Florida Lawmakers Look to Boost Security at Jewish Schools

TALLAHASSEE — Amid a rise in anti-Semitism and the war between Israel and Hamas, Florida lawmakers plan to steer $25 million to Jewish day schools and preschools and another $10 million to nonprofit organizations to help bolster security.

Identical proposals filed Thursday in the House and Senate for a special legislative session that will start Monday would establish $10 million in grants for nonprofits — including houses of worship, schools, museums and community centers — that are “at high risk for violent attacks or hate crimes.”

The $10 million would be distributed by the state Division of Emergency Management through the “Nonprofit Security Grant program,” which mirrors a federal grant program designed to protect communities against extremist attacks. Lawmakers created the state grant program earlier this year but did not fund it.

The proposals (SB 6-C and HB 7C) also would direct $25 million to the state Department of Education for grants to full-time Jewish day schools and Jewish preschools. That would include $20 million for hiring security workers and “training security personnel and staff on threat awareness, emergency procedures and first aid.”

The bills also would set aside $5 million for hardening materials or items, such as shatter-proof windows and security cameras.

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“Just filed HB 7C for the special session which will allocate $35 million in emergency funding to protect Florida’s Jewish day schools, synagogues, Holocaust museums, and cultural centers. The Florida Legislature is stepping up to protect Florida’s Jews. Few will ever know the heart of Speaker @Paul_Renner that I have witnessed the past four weeks,” state Rep. Randy Fine, a Brevard County Republican who sponsored the House bill, posted Thursday on X, formerly known as Twitter.

Fine, Florida’s only Jewish Republican lawmaker, is an ardent supporter of Israel. He has pushed Gov. Ron DeSantis and lawmakers to step up advocacy for Israel in its fight against the Palestinian militant group Hamas, which launched the war Oct. 7 by unleashing a deadly attack in Israel.

Senate President Kathleen Passidomo, R-Naples, and House Speaker Paul Renner, R-Palm Coast, last month issued a proclamation for the special session, saying a focus would be to show support for Israel.

Along with the bills about boosting security at Jewish Day schools and other facilities, lawmakers will consider measures (SB 10-C and HB 5C) to increase state sanctions against Iran, a key backer of Hamas.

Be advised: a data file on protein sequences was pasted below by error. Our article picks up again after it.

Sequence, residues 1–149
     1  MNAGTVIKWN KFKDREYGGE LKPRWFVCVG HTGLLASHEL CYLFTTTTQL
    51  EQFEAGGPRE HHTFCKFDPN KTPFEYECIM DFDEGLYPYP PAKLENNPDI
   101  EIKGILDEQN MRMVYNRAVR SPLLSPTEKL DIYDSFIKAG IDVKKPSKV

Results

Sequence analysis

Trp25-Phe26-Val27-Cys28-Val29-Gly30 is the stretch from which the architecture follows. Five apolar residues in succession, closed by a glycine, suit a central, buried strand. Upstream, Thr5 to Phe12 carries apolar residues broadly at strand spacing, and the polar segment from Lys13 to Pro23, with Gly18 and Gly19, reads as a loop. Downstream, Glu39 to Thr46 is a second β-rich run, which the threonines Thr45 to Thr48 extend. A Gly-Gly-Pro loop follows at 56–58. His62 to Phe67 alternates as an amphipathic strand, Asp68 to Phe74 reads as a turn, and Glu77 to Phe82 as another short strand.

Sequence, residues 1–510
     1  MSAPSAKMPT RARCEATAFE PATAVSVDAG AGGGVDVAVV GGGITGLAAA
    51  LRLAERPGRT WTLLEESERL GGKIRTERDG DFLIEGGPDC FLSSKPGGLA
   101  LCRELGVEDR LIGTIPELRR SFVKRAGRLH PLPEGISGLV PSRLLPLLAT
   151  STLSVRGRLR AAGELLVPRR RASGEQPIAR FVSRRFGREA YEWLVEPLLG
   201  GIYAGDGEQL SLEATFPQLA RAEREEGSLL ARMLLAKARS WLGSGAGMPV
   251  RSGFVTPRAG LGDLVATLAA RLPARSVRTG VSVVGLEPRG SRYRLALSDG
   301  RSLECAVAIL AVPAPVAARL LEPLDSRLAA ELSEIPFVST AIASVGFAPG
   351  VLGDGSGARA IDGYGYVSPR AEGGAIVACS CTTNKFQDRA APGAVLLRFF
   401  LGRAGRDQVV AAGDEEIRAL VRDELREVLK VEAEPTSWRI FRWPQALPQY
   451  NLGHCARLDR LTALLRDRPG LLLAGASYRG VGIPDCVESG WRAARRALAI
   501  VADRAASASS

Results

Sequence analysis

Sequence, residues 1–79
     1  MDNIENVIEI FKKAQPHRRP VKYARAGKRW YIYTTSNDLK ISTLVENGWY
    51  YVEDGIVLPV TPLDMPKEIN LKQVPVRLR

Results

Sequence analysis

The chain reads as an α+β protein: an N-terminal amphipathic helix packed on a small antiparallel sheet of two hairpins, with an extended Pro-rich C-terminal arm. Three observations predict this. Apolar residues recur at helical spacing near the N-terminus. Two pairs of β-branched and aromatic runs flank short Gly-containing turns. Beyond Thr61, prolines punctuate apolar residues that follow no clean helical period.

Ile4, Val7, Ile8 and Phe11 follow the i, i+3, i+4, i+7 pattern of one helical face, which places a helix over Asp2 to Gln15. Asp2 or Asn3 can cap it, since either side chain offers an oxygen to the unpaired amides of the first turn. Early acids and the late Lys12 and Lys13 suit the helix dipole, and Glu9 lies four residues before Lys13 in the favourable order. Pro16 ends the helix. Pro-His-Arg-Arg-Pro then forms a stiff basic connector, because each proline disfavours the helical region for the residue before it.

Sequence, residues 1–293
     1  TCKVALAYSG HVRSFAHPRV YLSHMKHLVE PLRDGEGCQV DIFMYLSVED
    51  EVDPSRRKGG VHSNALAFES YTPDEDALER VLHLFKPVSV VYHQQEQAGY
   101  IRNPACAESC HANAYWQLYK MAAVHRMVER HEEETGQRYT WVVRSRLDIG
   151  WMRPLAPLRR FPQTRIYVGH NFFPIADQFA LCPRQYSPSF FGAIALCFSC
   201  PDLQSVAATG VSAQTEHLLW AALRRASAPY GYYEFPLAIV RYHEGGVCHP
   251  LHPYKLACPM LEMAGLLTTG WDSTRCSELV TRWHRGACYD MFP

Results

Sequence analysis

“As the war continues to rage into a third week, with each passing day, we learn more about the atrocities Hamas and other terror groups are waging against the Israeli people. While our laws already have strong sanctions against regimes that support terrorism, a conflict of this scale certainly warrants a fresh look at further steps we can take to strengthen existing sanctions against the Islamic Republic of Iran and other state and corporate sponsors of terror. We can, and we must, do everything within our authority as a state government to support Israel and condemn terror, hatred, and violence,” Passidomo said in a memo Thursday to senators.

Passidomo’s memo also pointed to the increased support for Jewish day schools, which have received security grants from lawmakers in the past.

“With incidents of anti-Semitism on the rise, we need to make certain that entities at risk for hate crimes have the security resources and infrastructure they need,” the Senate president said.

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Lawmakers during the session also will consider resolutions (SR 8-C and HR 9C) declaring that the House and Senate “condemn the unprovoked and barbaric attacks against Israel, its citizens, and Americans” and “unequivocally support the right of the State of Israel to exist as a sovereign and independent nation.” The proposed resolutions also “demand the immediate end to any financial support, whether direct or indirect, of Hamas, the Iranian regime, Hezbollah, or any other entity that publicly supports these attacks and other terrorist activities.”

The session comes as DeSantis, who is seeking the Republican presidential nomination in 2024, continues to try to illustrate his support for Israel.

As an example, DeSantis issued an executive order Oct. 12 directing the state Division of Emergency Management to draw money from state coffers to assist with cargo and rescue operations in Israel. DeSantis also has called for increased sanctions against Iran.

DeSantis and other top Republican presidential candidates will debate Wednesday night in Miami, as lawmakers could be wrapping up the special session. Former President Donald Trump, who continues to eclipse DeSantis and other GOP presidential contenders in recent polls, is not expected to attend the debate.

Other stories you may want to read:

DeSantis Mocks ‘Bootgate’ Detractors – ‘No Time for Foot Fetishes’

Josh Hammer: Want a Ceasefire? Tell Hamas To Free All Hostages and Unconditionally Surrender.

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